Countess of Wessex completes 450-mile cycling challenge
The Countess of Wessex has completed a 450-mile cycling challenge from Edinburgh to Buckingham Palace.
Sophie was met at the end by supporters and her husband Prince Edward, who gave her a diamond pin to mark her completion of the Diamond Challenge.
The countess and her team began the ride on Monday at the Palace of Holyroodhouse in Scotland.
The ride raised more than £180,000 for the Duke of Edinburgh's Award, which is celebrating its 60th anniversary.
The Diamond Challenge was launched by the Duke of Edinburgh's Award and involves people carrying out "once-in-a-lifetime" challenges to raise funds for the award programme this year.
Before her palace-to-palace bike ride, the countess said her only prior experience of cycling had been with her children and "never for more than the odd hour".
On the toughest days, she cycled more than 80 miles and spent at least five hours on the saddle.
Her children Lady Louise Windsor, 12, and eight-year-old James, Viscount Severn, as well as her father, Christopher Rhys-Jones, were also there to congratulate and hug her after the challenge.
Sophie, 51, said the final mile along the Mall was "really special", adding it was "overwhelming" to see so many people.
She said: "If you told me that I would feel like this at the end of seven days cycling I would never have believed you.
"I do feel good and it has been a lovely, lovely experience.
"We have been extraordinarily lucky with the weather and I do think that if it had been driving wind and rain you would have seen a slightly shabbier, slightly more dishevelled and tired looking party arriving."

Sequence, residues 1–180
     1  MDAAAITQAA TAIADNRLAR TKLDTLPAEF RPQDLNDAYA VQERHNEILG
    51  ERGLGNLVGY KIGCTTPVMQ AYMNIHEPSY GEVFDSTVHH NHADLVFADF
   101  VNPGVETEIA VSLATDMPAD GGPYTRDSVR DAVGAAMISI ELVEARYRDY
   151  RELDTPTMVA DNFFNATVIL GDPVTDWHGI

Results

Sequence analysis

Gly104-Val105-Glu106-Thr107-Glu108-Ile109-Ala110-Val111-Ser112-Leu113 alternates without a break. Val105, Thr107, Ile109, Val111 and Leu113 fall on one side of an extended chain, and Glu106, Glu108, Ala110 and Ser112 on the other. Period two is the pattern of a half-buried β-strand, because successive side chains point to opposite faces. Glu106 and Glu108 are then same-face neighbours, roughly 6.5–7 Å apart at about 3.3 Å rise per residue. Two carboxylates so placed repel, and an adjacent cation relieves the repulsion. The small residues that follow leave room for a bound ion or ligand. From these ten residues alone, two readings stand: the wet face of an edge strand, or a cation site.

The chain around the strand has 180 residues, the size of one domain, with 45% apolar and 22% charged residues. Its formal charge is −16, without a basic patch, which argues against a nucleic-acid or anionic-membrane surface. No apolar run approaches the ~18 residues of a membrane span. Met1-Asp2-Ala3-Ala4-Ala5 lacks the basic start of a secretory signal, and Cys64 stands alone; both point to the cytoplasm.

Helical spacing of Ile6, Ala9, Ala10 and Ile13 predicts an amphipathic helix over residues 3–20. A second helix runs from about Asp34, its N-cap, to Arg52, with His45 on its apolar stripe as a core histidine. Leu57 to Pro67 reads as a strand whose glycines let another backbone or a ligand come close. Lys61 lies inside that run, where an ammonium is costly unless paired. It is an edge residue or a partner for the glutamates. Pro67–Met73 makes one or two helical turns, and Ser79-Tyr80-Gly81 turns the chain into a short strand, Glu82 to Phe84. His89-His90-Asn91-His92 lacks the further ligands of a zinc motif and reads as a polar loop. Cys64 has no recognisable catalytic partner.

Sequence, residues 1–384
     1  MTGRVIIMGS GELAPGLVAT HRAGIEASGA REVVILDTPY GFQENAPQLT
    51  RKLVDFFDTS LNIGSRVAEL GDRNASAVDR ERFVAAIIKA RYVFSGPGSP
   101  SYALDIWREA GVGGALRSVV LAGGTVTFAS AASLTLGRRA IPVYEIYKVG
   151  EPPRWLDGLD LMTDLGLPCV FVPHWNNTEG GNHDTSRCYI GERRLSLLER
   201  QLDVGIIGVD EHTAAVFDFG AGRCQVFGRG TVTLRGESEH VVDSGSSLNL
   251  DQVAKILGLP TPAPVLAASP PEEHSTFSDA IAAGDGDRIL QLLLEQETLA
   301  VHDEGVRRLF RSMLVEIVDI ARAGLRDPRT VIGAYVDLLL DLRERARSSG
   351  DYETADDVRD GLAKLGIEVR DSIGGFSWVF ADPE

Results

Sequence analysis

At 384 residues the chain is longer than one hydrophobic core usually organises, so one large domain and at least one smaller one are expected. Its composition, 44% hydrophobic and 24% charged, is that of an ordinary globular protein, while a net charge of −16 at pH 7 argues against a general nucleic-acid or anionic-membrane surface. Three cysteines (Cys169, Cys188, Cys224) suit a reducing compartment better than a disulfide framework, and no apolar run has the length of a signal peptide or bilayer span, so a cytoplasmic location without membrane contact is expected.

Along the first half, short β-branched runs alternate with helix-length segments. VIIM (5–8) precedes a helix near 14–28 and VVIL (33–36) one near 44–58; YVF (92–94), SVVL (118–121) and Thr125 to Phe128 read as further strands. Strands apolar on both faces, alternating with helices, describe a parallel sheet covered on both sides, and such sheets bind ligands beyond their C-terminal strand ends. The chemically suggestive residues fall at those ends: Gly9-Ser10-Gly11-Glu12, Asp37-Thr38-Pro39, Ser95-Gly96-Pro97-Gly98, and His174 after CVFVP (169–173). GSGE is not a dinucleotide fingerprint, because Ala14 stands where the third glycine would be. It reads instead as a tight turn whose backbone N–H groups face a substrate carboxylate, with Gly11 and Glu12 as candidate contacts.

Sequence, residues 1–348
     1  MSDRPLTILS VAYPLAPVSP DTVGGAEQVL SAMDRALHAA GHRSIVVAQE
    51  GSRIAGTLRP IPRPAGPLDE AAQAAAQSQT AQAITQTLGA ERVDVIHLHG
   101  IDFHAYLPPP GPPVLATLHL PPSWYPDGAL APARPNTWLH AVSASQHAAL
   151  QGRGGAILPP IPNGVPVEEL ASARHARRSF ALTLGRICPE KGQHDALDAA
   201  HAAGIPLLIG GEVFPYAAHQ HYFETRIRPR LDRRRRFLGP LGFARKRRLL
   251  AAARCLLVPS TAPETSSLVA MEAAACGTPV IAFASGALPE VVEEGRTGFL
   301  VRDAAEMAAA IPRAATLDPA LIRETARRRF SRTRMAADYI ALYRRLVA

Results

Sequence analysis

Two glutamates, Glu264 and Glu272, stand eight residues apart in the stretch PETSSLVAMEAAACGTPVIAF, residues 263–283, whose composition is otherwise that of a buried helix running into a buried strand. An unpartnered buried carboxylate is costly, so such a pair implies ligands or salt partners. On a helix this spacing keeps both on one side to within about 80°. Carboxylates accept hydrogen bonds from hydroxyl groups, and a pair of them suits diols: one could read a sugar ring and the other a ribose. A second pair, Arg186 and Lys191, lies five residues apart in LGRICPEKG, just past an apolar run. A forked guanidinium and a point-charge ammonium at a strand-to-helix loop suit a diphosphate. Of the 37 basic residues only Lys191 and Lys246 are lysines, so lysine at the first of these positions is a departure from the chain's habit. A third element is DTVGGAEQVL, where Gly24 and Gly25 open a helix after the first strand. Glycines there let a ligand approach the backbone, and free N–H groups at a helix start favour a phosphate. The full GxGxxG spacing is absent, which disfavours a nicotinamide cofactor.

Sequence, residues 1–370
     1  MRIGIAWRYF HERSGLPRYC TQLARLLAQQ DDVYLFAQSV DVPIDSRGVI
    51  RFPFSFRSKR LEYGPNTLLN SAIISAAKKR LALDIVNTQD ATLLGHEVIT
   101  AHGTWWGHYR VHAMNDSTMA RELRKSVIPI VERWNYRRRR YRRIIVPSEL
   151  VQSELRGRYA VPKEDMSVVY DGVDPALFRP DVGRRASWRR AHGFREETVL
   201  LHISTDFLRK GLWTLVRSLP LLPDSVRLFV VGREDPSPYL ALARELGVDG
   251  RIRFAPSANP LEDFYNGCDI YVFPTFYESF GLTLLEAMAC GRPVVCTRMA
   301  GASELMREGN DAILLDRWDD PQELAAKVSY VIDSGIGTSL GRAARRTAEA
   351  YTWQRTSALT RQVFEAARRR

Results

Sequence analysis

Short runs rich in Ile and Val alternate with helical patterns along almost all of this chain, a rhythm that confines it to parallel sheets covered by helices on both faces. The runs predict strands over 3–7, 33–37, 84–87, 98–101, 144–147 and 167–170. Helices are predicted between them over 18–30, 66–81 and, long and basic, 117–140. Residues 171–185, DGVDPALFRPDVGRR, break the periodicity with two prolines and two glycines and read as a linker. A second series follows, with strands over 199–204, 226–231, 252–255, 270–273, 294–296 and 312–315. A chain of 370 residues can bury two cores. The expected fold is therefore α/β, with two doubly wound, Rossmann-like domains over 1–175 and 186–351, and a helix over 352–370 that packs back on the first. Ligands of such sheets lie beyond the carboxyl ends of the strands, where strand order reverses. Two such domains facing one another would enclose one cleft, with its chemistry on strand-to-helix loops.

Sophie set off on the final leg from RAF Halton in Aylesbury, Buckinghamshire, on Sunday morning to pedal more than 40 miles into central London.
She was joined by six team members, including riders drawn from the four Royal regiments she is linked to - 5th Battalion The Rifles, RAF Wittering, Queen Alexandra's Royal Army Nursing Corps and Corps of Army Music.
The team also included members from the Army Physical Training Corps and Boardman bikes.
The countess said that, while she planned to rest for the next couple of days, she was keen for another challenge.
"I feel like I don't want to lose what I've done so I've got to get out there and do something else," she added.
Prince Philip set up the Duke of Edinburgh Award in 1956, inspired by his headmaster Kurt Hahn and his school days at Gordonstoun, Moray.
It has become one of the best-known self-development and adventure schemes for 14 to 24-year-olds, with around 2.5 million awards achieved in the UK since its inception.